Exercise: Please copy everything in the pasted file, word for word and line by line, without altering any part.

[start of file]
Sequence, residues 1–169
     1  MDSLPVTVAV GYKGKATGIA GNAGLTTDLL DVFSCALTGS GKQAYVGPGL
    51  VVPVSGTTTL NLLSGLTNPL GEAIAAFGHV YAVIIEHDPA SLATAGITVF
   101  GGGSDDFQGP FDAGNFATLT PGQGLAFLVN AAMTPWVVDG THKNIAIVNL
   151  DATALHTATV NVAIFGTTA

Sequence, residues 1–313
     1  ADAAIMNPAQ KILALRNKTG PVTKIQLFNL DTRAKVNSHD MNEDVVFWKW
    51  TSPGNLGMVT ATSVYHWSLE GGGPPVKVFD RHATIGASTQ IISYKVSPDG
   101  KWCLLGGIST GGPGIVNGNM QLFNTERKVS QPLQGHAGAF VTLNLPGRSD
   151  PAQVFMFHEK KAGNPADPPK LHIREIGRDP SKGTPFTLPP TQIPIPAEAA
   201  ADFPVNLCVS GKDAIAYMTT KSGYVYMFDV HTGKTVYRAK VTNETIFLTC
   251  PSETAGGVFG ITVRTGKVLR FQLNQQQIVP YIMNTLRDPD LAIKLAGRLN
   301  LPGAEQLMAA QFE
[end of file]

Sequence, residues 1–169
     1  MDSLPVTVAV GYKGKATGIA GNAGLTTDLL DVFSCALTGS GKQAYVGPGL
    51  VVPVSGTTTL NLLSGLTNPL GEAIAAFGHV YAVIIEHDPA SLATAGITVF
   101  GGGSDDFQGP FDAGNFATLT PGQGLAFLVN AAMTPWVVDG THKNIAIVNL
   151  DATALHTATV NVAIFGTTA

Sequence, residues 1–313
     1  ADAAIMNPAQ KILALRNKTG PVTKIQLFNL DTRAKVNSHD MNEDVVFWKW
    51  TSPGNLGMVT ATSVYHWSLE GGGPPVKVFD RHATIGASTQ IISYKVSPDG
   101  KWCLLGGIST GGPGIVNGNM QLFNTERKVS QPLQGHAGAF VTLNLPGRSD
   151  PAQVFMFHEK KAGNPADPPK LHIREIGRDP SKGTPFTLPP TQIPIPAEAA
   201  ADFPVNLCVS GKDAIAYMTT KSGYVYMFDV HTGKTVYRAK VTNETIFLTC
   251  PSETAGGVFG ITVRTGKVLR FQLNQQQIVP YIMNTLRDPD LAIKLAGRLN
   301  LPGAEQLMAA QFE